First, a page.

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RMFU Asks USDA Not to Weaken Foot and Mouth Disease Restrictions

In a statement submitted to the U.S. Department of Agriculture, RMFU President Kent Peppler urged the USDA not to relax protections against importation of foot-and-mouth disease (FMD). “Our members are concerned that a change in status for Santa Catarina, Brazil, will endanger our domestic meat and dairy supply,” Peppler said. “The change will threaten the livelihood of family farmers and ranchers, the health of livestock and wildlife populations, and the food security of our nation. The economic interests of other countries should not be allowed to trump those of our citizens.” June 15 is the final day for comments on the USDA’s proposal to change the FMD status of Santa Catarina.

FMD is a crippling, often lethal disease that can cross species from any hoofed animal to another. The virus can be transmitted to its victims by humans, by other animals, and even by wind or contact with contaminated objects. An FMD outbreak could cross the entire United States in three days. Any animal that might be infected must be killed and the body destroyed.

The U.S. has not had a case of FMD since 1929. Jeopardizing that record would be criminal folly, according to RMFU. An outbreak in Great Britain, nearly ten years ago, resulted in the slaughter and waste of ten million head of sheep and cattle, as well as untallied indirect economic losses from quarantine. An outbreak of FMD could effectively destroy the U.S. livestock industry, on a scale comparable to the Gulf oil spill’s impact on fisheries.

In his statement, Peppler asked the USDA to “re-consider the disastrous economic impact that FMD can have if introduced in the United States.” The statement asks the USDA to reconsider the risk assessment report from its Animal and Plant Health Inspection Service (APHIS).

Santa Catarina shares a 100-mile border with Argentina, which has had outbreaks as recently as a few years ago and is not considered FMD-free. The Brazilian government has made it illegal for slaughterhouses to purchase animals from anyone who cannot demonstrate that their cattle were produced on properly deeded land. Thus, there is a high risk that a black market will develop in Santa Catarina for undocumented cattle from both Brazil and Argentina. “The USDA has not addressed the risk posed by unregulated, black-market cattle,” Peppler said. “If they end up in the conventional market, they could be exported to the U.S.”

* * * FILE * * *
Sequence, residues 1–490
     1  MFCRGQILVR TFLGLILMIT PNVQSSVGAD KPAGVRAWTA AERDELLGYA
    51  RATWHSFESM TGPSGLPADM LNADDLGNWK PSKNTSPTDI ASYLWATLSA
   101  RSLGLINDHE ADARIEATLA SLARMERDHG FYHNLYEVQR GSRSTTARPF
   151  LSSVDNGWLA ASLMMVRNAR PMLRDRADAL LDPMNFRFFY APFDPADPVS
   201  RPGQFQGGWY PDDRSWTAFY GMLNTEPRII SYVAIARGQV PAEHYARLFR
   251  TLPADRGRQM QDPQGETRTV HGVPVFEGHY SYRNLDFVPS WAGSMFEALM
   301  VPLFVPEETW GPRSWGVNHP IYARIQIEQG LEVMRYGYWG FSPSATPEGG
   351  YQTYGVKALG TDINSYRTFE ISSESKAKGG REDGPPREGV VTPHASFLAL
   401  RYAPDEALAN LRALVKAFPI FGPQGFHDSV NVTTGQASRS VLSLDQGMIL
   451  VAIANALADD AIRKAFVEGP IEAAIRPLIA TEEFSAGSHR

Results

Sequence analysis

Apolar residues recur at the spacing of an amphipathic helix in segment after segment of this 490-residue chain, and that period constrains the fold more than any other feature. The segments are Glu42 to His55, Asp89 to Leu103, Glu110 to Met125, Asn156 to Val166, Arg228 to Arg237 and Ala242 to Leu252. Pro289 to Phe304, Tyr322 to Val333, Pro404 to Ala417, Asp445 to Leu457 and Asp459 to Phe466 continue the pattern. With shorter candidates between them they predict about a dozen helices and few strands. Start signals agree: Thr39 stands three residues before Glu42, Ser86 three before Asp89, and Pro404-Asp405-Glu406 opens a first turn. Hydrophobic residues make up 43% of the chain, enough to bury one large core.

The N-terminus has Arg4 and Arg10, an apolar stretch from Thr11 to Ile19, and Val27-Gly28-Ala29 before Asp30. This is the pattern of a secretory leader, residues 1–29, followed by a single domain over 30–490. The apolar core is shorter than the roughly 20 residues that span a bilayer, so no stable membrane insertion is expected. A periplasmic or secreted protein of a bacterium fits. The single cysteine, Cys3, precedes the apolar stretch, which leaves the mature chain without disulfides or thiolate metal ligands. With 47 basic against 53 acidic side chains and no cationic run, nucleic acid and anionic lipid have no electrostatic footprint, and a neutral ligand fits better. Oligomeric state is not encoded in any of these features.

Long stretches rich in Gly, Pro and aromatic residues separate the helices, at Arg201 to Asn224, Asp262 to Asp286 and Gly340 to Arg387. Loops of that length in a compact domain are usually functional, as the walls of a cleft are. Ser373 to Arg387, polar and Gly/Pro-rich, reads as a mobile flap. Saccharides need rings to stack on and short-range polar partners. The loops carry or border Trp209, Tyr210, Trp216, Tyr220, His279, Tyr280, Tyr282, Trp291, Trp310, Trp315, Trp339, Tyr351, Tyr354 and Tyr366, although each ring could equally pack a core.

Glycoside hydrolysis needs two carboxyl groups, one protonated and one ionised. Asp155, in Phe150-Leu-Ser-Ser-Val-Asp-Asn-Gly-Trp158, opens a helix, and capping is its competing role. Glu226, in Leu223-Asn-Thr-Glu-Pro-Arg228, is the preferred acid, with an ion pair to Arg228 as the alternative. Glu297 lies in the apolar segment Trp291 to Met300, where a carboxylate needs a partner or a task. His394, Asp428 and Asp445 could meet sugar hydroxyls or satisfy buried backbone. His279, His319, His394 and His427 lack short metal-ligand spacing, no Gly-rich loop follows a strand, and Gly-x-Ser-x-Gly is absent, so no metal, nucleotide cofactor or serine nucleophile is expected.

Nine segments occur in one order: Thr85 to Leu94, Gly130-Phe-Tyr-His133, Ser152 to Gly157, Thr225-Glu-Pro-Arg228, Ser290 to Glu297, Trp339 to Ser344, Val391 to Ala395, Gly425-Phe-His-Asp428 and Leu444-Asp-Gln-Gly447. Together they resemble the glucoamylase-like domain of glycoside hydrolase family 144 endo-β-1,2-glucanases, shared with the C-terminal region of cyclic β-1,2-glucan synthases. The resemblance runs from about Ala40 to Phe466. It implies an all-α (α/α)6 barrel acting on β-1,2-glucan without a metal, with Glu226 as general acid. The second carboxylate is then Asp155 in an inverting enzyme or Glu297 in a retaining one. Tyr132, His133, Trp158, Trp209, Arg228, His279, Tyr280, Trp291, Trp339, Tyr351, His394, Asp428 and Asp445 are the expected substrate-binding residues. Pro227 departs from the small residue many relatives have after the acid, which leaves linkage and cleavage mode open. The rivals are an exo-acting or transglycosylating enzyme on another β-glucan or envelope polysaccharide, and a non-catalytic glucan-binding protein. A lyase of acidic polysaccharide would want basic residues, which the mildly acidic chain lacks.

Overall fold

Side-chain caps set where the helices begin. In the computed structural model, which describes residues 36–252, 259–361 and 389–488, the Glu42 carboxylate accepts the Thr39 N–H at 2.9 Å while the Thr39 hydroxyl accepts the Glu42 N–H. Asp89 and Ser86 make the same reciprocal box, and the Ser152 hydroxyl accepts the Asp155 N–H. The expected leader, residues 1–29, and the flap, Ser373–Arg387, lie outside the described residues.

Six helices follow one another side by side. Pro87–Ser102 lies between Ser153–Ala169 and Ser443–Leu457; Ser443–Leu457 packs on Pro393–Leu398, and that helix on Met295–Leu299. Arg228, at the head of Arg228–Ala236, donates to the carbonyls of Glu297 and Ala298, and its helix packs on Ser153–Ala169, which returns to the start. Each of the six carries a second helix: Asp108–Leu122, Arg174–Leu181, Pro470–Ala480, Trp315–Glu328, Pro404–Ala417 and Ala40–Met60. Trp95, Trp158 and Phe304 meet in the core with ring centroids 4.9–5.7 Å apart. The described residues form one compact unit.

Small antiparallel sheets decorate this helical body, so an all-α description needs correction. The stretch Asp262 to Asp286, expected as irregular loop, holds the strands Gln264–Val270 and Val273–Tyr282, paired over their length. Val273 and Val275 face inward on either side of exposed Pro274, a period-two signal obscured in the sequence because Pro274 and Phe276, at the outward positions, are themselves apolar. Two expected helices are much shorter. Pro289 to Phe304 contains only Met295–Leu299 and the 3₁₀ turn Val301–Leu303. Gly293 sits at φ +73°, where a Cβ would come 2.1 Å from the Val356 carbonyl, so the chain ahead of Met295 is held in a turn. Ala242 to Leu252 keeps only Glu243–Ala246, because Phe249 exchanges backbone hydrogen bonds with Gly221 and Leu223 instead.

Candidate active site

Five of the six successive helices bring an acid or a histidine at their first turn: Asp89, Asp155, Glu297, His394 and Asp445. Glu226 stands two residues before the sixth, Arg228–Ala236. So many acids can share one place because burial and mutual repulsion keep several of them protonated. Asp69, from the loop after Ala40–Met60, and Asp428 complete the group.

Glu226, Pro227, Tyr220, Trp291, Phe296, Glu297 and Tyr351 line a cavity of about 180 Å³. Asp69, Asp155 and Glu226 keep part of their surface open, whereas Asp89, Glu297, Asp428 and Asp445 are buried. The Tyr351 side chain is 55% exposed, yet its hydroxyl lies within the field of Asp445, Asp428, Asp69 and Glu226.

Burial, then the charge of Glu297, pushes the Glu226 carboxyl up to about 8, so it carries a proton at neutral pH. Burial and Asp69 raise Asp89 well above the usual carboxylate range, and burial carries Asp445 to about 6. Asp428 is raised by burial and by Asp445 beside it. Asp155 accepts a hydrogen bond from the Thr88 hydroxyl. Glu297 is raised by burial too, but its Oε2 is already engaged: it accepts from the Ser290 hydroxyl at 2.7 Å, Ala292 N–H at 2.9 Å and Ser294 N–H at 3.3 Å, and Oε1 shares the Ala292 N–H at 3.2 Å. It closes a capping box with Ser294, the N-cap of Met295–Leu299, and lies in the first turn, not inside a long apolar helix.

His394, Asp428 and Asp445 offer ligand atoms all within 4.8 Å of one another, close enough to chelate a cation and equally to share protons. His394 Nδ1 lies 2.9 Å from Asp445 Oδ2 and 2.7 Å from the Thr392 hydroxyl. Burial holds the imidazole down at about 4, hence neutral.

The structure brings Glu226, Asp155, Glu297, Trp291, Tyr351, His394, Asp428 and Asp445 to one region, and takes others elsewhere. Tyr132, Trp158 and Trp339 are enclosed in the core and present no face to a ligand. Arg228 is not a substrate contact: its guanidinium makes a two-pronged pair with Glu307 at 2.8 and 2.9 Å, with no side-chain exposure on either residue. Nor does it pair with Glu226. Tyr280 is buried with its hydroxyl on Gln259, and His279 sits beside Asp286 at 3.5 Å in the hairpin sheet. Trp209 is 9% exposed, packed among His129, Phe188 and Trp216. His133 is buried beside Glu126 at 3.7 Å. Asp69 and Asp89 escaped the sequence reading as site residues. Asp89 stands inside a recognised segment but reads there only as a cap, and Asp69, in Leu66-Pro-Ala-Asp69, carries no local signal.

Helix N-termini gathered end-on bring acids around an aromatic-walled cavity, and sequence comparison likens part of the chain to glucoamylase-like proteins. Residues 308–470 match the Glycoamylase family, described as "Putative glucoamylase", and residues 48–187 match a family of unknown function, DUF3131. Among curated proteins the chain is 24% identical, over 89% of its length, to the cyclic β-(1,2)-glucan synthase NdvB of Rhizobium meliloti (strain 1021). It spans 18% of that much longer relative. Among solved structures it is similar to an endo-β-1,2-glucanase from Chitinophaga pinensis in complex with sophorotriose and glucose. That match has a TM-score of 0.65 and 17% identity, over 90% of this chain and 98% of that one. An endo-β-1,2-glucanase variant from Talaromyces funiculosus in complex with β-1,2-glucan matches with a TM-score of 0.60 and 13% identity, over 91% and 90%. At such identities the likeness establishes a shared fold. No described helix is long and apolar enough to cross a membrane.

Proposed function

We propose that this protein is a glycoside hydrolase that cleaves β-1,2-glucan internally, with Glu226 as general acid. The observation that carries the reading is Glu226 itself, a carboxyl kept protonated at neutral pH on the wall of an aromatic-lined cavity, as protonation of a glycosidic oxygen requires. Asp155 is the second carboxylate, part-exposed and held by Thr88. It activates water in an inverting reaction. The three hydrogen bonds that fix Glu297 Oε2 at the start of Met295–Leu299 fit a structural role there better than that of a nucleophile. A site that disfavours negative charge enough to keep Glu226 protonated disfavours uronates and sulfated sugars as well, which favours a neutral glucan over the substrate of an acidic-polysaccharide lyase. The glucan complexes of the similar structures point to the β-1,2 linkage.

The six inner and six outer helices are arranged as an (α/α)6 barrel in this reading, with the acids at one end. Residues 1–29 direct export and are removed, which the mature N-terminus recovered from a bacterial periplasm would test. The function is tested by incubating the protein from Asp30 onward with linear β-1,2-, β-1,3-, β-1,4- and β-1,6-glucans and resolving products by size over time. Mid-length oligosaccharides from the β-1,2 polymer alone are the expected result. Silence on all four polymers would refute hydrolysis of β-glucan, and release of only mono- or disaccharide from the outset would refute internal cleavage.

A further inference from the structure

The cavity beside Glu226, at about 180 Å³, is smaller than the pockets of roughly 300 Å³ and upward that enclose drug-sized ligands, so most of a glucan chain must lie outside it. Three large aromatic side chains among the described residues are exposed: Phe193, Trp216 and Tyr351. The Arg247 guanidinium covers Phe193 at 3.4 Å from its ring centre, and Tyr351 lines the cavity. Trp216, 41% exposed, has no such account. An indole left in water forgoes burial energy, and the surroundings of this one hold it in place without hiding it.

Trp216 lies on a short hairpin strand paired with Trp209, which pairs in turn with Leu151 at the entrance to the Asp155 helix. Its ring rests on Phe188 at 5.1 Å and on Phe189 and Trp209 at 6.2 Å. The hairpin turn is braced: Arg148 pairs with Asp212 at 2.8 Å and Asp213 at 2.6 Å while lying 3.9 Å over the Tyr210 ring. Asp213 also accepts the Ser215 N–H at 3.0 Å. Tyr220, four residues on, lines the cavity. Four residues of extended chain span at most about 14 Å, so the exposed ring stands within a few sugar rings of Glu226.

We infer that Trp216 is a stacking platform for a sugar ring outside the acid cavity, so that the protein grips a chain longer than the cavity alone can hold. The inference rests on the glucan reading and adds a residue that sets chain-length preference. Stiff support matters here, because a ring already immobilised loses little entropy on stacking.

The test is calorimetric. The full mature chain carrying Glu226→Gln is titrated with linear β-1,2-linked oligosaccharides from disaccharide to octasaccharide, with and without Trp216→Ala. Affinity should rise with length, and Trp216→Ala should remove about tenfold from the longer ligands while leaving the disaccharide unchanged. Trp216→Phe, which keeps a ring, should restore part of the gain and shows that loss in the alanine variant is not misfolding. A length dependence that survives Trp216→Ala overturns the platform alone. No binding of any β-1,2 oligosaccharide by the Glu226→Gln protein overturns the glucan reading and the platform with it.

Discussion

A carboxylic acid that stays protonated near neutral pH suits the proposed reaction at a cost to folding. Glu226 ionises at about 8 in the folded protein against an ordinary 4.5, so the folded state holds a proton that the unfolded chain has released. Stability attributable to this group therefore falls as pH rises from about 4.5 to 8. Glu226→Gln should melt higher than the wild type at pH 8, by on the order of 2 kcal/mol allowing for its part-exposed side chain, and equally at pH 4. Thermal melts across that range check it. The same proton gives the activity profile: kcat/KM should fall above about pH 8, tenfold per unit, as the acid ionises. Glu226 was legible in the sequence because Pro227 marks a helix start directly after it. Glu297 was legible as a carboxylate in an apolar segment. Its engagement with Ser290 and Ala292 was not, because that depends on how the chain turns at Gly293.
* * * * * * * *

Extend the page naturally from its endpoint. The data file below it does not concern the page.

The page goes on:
The APHIS risk assessment for Santa Catarina states that “The proposed action is not expected to result in beef or other ruminant meat exports to the U.S. of any appreciable quantity, and trade effects for pork products are likely to be insignificant.” RMFU asks how small the benefits are that we are willing to take such risks for. The USDA itself has issued dire estimates of those risks.

Testifying before a joint House committee addressing livestock diseases as a threat to national security, APHIS Chief Veterinarian Dr. John Clifford described a study conducted recently by the USDA’s Economic Research Service which simulated a FMD outbreak in a small hog operation in the midwest. The estimated losses were between $2.8 and $4.1 billion. Another study, based on a hypothetical FMD outbreak in California, projected losses between $8 and $14 billion.

The APHIS risk assessment is the final barrier to importing livestock from Brazil. “If APHIS approves this risk assessment, our domestic livestock industry will be jeopardized by a disease threat that could destroy our domestic supply and international markets,” Peppler said. “We urge the USDA to retain current restrictions on imported livestock from Brazil.”

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